Presentation on theme: "Slavery is a system under which people are treated as property to be bought and sold, and are forced to work even against their will. Slaves can be held."— Presentation transcript:
Slavery is a system under which people are treated as property to be bought and sold, and are forced to work even against their will. Slaves can be held against their will from the time of their capture, purchase or birth, and deprived of the right to leave, to refuse to work, or to demand compensation. propertyforced to workcompensation What is slavery?
Job Description of a Slave Sex – Male or Female Age – Any age; from 4 until death Characteristics – Poor and vulnerable; prisoners captured in tribal wars; Africans captured by European slave traders. Hours – up to 20 a day, sometimes more. Days / Week – up to 7, 365 days a year. Holidays – None Sick Leave – None Health and safety provision – None Pay – Nothing Accommodation – Very basic
Origin Slavery has existed since the beginning of human history. People were enslaved for a number of reasons some of which include : being captured in battle, owing a debt or being born to slave parents. The word “slave” comes from the Slavic people of eastern Europe who were conquered so often that the their name became synonymous with servitude. Most cultures around the world have practiced slavery in one form or another.
Once sold, a slave must live and journey to where ever his /her master demands. This leads to forced migration. This is where the trouble for the African slave trade began. Slaves were packed tightly on ships, shackled and fed very little for the 3-5 month journey. About 18 million Africans were transported between 1600 and 1800, with about 3 million dying on the way.
The African slaves were taken out of their land and away from all that they were familiar with. This confused them so much that they didn’t know how to protest! This trade proved to be so lucrative, that Tribes were encouraged to battle and war with each other, so that a constant supply of slaves to the white slave traders
Most succumbed to the journey and the climatic differences Those who survived gradually adapted to their masters religion and language
Shackled, they spent their entire lives following instructions and serving their owners with their body and soul. They needed permission to marry. They had to beg their owners that they could keep their children They often had to watch their sons and daughter being sold off to settle their owners debts.
A few instances of how they were dragged into slavery One evening, a Negro was invited to drink with some of the black traders. They attempted to seize him. As he was very active, he evaded their trap, and got out of their hands. He was, however, prevented from effecting his escape by a large dog, which laid hold of him, and compelled him to submit. These creatures are kept by many of the traders for that purpose; and being trained to the inhuman sport, they appear to be much pleased with it.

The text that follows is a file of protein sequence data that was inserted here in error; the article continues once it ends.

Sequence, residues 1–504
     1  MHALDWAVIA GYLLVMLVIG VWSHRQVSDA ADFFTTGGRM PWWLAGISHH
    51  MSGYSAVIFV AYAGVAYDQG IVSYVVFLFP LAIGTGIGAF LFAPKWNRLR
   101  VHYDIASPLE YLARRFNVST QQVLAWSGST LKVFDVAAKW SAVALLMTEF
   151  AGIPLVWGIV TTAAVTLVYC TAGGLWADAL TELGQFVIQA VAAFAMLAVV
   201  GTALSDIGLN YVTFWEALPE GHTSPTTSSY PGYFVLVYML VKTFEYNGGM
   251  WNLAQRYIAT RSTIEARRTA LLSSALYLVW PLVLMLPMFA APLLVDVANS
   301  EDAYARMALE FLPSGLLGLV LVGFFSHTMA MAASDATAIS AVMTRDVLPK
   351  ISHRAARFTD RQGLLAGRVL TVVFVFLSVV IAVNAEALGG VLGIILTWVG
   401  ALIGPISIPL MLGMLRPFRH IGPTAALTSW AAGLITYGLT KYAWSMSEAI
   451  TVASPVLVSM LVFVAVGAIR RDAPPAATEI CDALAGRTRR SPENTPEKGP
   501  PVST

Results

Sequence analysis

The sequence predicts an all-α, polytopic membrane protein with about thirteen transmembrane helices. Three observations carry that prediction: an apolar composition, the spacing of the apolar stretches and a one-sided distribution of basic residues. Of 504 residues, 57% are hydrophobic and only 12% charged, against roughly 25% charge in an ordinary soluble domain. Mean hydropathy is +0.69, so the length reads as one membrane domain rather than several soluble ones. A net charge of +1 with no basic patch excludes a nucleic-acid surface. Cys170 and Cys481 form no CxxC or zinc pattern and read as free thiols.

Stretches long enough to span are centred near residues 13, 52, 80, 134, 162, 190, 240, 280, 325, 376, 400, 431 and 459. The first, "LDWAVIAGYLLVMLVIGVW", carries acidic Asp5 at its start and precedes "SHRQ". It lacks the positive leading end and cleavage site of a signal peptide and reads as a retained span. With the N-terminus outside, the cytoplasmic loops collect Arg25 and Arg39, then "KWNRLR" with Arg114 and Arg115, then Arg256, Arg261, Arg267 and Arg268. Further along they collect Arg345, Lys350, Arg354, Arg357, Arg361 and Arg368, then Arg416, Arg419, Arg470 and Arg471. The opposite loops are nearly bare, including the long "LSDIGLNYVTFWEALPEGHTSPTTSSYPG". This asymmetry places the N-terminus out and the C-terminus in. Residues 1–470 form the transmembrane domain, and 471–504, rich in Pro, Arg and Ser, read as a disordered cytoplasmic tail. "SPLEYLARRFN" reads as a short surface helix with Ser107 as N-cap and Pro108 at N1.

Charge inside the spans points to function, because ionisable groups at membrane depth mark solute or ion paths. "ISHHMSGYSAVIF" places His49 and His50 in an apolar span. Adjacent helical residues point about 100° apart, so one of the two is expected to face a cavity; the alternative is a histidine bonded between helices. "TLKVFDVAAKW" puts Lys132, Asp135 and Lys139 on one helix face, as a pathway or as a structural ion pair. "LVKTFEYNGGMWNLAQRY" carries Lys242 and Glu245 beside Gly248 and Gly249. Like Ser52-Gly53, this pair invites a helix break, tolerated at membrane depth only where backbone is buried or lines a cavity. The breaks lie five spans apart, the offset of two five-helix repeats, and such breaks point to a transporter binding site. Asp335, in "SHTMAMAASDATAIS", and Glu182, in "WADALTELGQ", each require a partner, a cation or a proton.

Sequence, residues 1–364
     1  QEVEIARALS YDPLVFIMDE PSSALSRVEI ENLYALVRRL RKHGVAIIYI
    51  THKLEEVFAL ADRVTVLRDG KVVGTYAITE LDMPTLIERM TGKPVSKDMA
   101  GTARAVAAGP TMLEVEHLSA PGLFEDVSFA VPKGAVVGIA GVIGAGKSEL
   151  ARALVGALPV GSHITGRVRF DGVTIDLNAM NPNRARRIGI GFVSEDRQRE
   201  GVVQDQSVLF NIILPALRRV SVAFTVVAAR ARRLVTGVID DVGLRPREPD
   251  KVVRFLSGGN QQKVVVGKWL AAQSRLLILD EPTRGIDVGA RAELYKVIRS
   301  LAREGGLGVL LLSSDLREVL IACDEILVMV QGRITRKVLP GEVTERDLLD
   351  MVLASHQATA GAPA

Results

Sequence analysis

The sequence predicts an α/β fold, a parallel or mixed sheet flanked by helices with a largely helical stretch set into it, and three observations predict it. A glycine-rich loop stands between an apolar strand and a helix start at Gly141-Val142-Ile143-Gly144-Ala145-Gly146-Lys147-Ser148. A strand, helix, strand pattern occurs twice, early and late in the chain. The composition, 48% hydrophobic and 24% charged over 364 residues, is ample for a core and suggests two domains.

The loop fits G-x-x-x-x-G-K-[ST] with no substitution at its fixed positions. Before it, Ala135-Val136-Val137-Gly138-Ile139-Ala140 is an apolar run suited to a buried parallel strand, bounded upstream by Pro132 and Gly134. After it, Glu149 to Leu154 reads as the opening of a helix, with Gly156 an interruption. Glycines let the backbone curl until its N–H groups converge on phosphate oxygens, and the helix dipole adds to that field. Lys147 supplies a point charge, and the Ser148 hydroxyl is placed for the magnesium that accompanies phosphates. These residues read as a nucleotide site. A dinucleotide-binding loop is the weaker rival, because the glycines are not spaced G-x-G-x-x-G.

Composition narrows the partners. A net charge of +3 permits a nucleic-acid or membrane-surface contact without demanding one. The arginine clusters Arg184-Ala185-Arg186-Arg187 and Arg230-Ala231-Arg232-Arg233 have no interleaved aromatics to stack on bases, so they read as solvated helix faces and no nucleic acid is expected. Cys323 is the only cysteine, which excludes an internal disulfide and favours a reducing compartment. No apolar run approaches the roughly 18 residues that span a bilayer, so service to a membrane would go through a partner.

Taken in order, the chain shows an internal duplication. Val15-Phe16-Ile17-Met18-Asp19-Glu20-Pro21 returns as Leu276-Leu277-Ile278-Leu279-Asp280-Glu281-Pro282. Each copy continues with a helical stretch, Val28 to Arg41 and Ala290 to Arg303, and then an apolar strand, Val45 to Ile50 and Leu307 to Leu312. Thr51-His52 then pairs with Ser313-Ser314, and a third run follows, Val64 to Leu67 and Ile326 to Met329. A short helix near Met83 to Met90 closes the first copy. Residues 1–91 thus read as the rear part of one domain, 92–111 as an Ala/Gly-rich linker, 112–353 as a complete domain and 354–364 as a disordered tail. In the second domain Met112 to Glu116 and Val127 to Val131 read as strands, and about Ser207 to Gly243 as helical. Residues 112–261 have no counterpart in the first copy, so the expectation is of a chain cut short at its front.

A man and his son, according to their own information, were seized by professed kidnappers, while they were planting yams, and sold for slaves. This likewise happened in the interior parts of the country, and after passing through several hands, they were purchased for the ship.
A black trader invited a Negro, to come and see him. After the entertainment was over, the trader proposed to his guest, to treat him with a sight of one of the ships lying in the river. The unsuspicious countryman readily accompanied the trader in a canoe to the side of the ship, which he viewed with pleasure and astonishment. While he was thus employed, some black traders on board, who appeared to be in the secret, leaped into the canoe, seized the unfortunate man, and dragged him into the ship. He was immediately sold.
Preparations made by the traders to sell off the slaves The preparations made at Bonny by the black traders, are very considerable. From 20 to 30 canoes, capable of containing 30 or 40 Negroes each, are assembled for this purpose; and the bought slaves are packed inside. When their loading is completed, they commence their voyage, with colours flying, and music playing; and in about ten or eleven days, they generally return to Bonny with full cargoes. As soon as the canoes arrive at the trader's landing place, the purchased Negroes are cleaned, and oiled with palm-oil; and on the following day they are exposed for sale to the captains.
When the Negroes, whom the black traders have to dispose off, are shown to the European purchasers, they first examine them relative to their age. They then minutely inspect them and inquire into the state of their health, if they are deformed, or have bad eyes or teeth; if they are lame, or weak in their joints, or distorted in the back, or of a slender make, so as to render them incapable of much labour; they are rejected. But if approved of, they are generally taken on board the ship the same evening. The purchaser has liberty to return on the following morning, but not afterwards.
End of Slavery Growth of abolition movement, 18 th century 1807, Britain declares slave trade illegal 1808, USA declares slave trade illegal 1833, slavery declared illegal across the British Empire 1861 – 1865 American Civil War